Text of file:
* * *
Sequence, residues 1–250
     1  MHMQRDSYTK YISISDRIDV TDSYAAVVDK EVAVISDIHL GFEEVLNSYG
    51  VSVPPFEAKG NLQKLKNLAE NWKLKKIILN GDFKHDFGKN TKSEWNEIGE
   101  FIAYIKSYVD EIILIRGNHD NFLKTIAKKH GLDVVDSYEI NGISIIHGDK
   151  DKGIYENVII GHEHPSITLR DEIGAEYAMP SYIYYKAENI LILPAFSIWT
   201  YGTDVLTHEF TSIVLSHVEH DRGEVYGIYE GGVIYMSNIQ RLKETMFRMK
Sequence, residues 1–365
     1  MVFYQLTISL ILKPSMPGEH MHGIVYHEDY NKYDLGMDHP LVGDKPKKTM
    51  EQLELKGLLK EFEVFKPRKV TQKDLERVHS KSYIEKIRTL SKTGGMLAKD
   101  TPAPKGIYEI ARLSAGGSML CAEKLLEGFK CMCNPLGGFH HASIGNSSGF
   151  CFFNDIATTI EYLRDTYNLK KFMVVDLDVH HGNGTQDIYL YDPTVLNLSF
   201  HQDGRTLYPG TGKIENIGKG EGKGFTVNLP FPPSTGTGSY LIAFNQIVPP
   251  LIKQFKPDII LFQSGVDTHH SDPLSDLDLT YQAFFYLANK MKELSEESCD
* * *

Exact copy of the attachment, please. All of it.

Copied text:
Sequence, residues 1–250
     1  MHMQRDSYTK YISISDRIDV TDSYAAVVDK EVAVISDIHL GFEEVLNSYG
    51  VSVPPFEAKG NLQKLKNLAE NWKLKKIILN GDFKHDFGKN TKSEWNEIGE
   101  FIAYIKSYVD EIILIRGNHD NFLKTIAKKH GLDVVDSYEI NGISIIHGDK
   151  DKGIYENVII GHEHPSITLR DEIGAEYAMP SYIYYKAENI LILPAFSIWT
   201  YGTDVLTHEF TSIVLSHVEH DRGEVYGIYE GGVIYMSNIQ RLKETMFRMK
Sequence, residues 1–365
     1  MVFYQLTISL ILKPSMPGEH MHGIVYHEDY NKYDLGMDHP LVGDKPKKTM
    51  EQLELKGLLK EFEVFKPRKV TQKDLERVHS KSYIEKIRTL SKTGGMLAKD
   101  TPAPKGIYEI ARLSAGGSML CAEKLLEGFK CMCNPLGGFH HASIGNSSGF
   151  CFFNDIATTI EYLRDTYNLK KFMVVDLDVH HGNGTQDIYL YDPTVLNLSF
   201  HQDGRTLYPG TGKIENIGKG EGKGFTVNLP FPPSTGTGSY LIAFNQIVPP
   251  LIKQFKPDII LFQSGVDTHH SDPLSDLDLT YQAFFYLANK MKELSEESCD